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Challenges to Increased Soybean Production in Brazil

Written By

Hilton S. Pinto, Ana Maria H. de Avila and Andrea O. Cardoso

Submitted: 18 June 2012 Published: 02 January 2013

DOI: 10.5772/52647

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1. Introduction

Soybean (Glycine max (L.) Merril) is one the of the main sources of protein and vegetable oil of the world being grown commercially and used in animal and human feed for hundreds of years. Originally from Asia where the soybean was considered as sacred grain, next to rice, wheat, barley, millet to be essential to the stability of Chinese civilization.

According to EMBRAPA SOJA (2008) soybean is the main oleaginous grain cultivated in the world. In 2006/07 it contributed about 60% of the total 385 million tons of grain produced globally by major oil seeds (soybean, sunflower, canola, peanut, cotton and castor). According to Dall'agnoll and Hirakuri (2008) the high rates of increase in soybean world wide production (more than five million tons/year in the period 1970 to 2007) should continue due to the growth of the global population (70 million/year) and to the change in food consumption habits of the population.

On the other hand, the intense search for alternative sources of energy also stimulates consumption of soybean oil as a fuel. Thus, in the future soybean may also become a major energy crop. Although use rates are not increasing as much as for oil, demand for soybean as a livestock meal is also increasing. Since the early 1980sthe total consumption of soybean mealon a worldwide basishas grown about three times from the original 127.2 million tons. The expansion of income, especially in Asia, with the effect on the consumption of meats, especially poultryands wine, was the driver for the robust growth rate of soybean for the animal feed industry (Pinazza, 2007). Also according to Pinazza (2007), the long-term projections for soybeansin a global context shows that the total demand for soybeansis expected to grow around 3% in the next ten years. The crushing world will grow from the current level of 174.8 million tons to253.9 million tons.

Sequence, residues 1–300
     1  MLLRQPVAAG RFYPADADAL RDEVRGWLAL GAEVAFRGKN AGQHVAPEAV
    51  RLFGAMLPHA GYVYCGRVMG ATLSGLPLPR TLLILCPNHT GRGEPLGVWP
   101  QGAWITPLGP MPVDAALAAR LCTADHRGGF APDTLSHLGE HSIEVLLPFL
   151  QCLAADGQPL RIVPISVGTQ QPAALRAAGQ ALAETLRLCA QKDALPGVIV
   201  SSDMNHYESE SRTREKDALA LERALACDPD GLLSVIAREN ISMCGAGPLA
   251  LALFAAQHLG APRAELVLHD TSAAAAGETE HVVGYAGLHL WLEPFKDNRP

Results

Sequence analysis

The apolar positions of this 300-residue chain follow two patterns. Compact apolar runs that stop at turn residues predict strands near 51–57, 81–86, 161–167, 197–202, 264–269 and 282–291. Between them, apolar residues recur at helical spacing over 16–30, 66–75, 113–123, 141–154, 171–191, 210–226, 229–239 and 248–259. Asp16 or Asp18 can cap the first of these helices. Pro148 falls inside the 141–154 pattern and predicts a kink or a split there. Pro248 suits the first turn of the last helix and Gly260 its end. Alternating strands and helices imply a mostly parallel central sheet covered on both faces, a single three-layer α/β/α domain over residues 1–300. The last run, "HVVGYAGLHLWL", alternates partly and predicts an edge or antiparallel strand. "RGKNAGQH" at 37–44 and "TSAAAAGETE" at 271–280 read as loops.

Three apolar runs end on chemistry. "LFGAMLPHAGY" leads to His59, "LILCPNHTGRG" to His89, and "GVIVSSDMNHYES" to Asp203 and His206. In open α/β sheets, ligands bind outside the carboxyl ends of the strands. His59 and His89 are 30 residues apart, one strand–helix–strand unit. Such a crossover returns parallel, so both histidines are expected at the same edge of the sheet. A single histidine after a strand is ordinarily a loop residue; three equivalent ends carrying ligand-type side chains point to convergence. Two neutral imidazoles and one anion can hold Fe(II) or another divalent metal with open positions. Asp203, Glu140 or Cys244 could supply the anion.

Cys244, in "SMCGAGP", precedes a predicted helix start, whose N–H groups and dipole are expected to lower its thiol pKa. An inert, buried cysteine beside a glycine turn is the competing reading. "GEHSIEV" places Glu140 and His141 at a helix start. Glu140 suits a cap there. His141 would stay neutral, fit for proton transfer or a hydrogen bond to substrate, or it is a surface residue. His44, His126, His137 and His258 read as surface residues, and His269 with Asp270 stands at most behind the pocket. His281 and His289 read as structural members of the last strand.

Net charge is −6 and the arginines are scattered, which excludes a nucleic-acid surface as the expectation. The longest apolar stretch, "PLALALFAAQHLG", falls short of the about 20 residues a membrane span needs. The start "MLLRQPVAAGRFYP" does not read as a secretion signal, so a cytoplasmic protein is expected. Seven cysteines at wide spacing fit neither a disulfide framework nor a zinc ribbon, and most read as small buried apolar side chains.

Projections to 2015 indicate that from a world production of 71.5 million tons of soybeans, 66.4 million tons comes from the exporting countries Brazil, Argentina and the USA with 4.9 million from other countries. According to the Baseline Projections of the USDA, world GDP will continue growing at an annual average rate of 3.2%. At the same time the world population is expected to grow in the same period at an annual rate of 1.1%, to 6.87 billion people in 2015.